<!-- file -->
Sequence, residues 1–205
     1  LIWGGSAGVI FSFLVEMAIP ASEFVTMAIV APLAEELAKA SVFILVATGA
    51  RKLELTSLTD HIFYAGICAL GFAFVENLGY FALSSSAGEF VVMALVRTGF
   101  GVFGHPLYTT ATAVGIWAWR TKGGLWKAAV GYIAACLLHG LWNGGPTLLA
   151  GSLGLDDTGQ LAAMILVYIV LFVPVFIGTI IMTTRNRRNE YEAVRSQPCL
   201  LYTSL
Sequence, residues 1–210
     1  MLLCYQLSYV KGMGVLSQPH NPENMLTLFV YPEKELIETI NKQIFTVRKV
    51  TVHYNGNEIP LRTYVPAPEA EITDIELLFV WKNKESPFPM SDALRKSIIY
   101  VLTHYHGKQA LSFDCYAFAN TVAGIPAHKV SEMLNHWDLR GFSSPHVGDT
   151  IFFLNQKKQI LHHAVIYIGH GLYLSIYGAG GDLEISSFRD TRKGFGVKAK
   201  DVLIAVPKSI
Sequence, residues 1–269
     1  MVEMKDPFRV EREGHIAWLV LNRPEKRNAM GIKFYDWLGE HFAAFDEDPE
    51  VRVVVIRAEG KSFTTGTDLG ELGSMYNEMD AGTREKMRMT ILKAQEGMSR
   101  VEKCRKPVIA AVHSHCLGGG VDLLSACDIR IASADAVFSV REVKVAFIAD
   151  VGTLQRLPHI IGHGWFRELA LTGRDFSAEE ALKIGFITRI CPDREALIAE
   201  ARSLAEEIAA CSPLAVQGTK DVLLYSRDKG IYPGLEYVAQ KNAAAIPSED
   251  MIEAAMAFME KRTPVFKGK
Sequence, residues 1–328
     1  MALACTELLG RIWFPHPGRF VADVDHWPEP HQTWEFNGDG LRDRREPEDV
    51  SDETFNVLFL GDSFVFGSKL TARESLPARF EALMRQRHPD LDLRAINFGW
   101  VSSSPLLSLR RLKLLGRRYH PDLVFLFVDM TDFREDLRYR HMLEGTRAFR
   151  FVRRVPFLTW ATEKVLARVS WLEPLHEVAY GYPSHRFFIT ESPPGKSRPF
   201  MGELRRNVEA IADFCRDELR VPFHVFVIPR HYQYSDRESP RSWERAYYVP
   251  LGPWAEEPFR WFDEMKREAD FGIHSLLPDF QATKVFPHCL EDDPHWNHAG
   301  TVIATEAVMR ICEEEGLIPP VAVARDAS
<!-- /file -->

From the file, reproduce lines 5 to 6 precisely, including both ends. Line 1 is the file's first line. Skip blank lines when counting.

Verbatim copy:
   151  GSLGLDDTGQ LAAMILVYIV LFVPVFIGTI IMTTRNRRNE YEAVRSQPCL
   201  LYTSL